Being thankful for our food, contrasting food eaten in Bible times with our modern day diets, remembering those who are hungry.
The pictures should be shown in PowerPoint as the story is told. The ( ) shows when the slide should be changed. To attract pupils’ attention, we recommend the first slide is already on display as they enter.
Thank you Lord (Come and Praise no.32)
… I am putting you in charge of the fish, the birds, and all the wild animals. I have provided all kinds of grain and all kinds of fruit for you to eat; but for all the wild animals and all the birds I have provided grass and leafy plants for food. (Genesis 1: 28-30)
The Main Text
What is your favourite food? Do you think it would have been available in Bible times?
Nowadays we have a huge choice of food. We can buy food from all over the world in our local supermarket. We can eat what we like, when we like, at any time of year. We can enjoy:
- bananas from the Caribbean
- rice from India
- strawberries from Spain
- lamb from New Zealand
- salmon from Scotland
- mushrooms from Ireland
- as well as meat and vegetables grown on farms in our own Welsh countryside.
But it has not always been as easy as this. For 99% of human history people took their food from the environment around them. They ate all that they could find in one area, and then moved on to somewhere else. Then about 10,000 years ago, people learned to farm the land and produce their own food.
When some parts of the Bible were written, nearly four thousand years ago, people ate a healthier diet than we do today.
We know that it’s not good to eat too much fast food, or ready made meals that are full of preservatives, or sweets that are full of fats and sugars. But these kinds of foods didn't exist in those days and people did not have so much choice.
What type of foods do you think people ate? What type of foods do you think they didn’t have? (Take responses)
The most important difference between what we eat today and what people ate in Bible times is that people would normally eat only what was grown in their area. There was no importing or exporting of goods.
There were no planes flying from the other side of the world with exotic fruits. There were no huge lorries bringing food from farms and factories in different parts of Britain.
Grains were a very important part of the diet during this time. People used barley and wheat to make bread. To make things sweet they used honey gathered from local bees.
Animals that were killed for food were always free range, which means that they had had a natural life in the outdoors. But most people didn't eat meat at every meal because it wasn't available. If you lived near the sea you would have eaten a lot of fish.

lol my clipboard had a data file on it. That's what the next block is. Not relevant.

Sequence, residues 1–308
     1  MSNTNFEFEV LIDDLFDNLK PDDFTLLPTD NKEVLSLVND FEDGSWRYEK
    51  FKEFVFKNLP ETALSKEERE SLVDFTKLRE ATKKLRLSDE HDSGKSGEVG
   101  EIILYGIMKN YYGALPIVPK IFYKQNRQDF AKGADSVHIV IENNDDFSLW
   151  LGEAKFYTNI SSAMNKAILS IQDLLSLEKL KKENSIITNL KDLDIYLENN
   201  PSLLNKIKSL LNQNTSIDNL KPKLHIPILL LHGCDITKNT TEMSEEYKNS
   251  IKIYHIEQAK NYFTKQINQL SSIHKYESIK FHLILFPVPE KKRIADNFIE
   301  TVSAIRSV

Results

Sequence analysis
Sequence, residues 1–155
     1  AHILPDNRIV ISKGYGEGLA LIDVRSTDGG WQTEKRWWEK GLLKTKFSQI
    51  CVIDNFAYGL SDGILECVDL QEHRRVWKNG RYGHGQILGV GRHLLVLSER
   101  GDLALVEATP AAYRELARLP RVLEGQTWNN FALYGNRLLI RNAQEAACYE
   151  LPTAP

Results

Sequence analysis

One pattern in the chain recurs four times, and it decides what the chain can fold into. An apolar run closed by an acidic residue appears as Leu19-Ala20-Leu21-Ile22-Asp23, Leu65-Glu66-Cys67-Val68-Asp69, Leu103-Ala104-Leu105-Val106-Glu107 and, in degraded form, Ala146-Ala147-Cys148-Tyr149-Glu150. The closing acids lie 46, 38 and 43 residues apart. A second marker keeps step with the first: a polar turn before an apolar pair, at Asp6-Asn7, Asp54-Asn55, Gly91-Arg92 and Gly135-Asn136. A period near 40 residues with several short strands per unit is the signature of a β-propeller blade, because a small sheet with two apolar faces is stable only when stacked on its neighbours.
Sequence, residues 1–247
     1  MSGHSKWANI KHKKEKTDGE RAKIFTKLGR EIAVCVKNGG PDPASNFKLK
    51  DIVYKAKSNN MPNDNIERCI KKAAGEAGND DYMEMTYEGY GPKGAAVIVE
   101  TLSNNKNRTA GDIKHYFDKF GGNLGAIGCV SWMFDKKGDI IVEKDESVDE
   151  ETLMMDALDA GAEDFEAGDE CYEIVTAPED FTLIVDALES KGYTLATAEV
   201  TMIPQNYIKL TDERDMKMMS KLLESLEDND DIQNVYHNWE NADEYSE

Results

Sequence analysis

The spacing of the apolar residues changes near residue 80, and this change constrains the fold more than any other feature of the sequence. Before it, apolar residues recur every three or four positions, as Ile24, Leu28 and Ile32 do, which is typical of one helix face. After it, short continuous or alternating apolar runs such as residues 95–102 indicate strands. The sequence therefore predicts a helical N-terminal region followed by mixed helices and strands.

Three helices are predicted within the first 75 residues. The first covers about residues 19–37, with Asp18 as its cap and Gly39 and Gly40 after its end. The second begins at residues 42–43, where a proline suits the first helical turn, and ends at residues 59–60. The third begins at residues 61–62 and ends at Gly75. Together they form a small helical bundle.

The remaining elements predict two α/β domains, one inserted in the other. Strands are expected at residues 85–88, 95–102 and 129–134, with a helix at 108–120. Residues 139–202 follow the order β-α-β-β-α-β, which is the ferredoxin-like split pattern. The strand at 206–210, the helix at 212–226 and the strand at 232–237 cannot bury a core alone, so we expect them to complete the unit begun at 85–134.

People also ate a lot of nuts, vegetables and fruits. Where Jesus lived, these included figs, pomegranates, olives and apricots.
To drink, there was milk from cows or goats. Cheese was made from the milk. We know that yoghurt was also eaten, although it is not the same kind of yoghurt that comes in the neat little pots that we eat today. It wasn’t flavoured and it contained no preservatives and no sugar.
Today many people like to eat ‘organic’ food that has been grown without using any chemical pesticides to kill insects. All the food was organic in those days. There was nothing else available.
Compared to Bible times, today we have a much bigger choice of foods. But we must remember that while we have so much variety, many people in the world do not have enough to eat. In some countries hot, dry weather or floods destroy the crops. Sometimes wars mean that food can’t be transported safely to hungry people. In some places poor farmers are forced to grow ‘cash crops’, which are crops grown only to sell and not to eat themselves.
So, the next time you complain about your food, or leave some of it on your plate, remember how fortunate we are in Wales. We have so much more choice of delicious foods than people had long ago. We live in a country where most people have enough to eat.
In fact, there’s enough food in the world for everyone, but it’s not shared out fairly.
We can help by giving to charities that provide food for famine areas, and we can buy Fairtrade foods where farmers are paid a fair price for the food they grow.
Thank you for providing our food every day. Help us to remember that not everyone in the world has so much to eat. Make us more thoughtful about what we eat and how our choice of food can affect the people who work hard to produce it.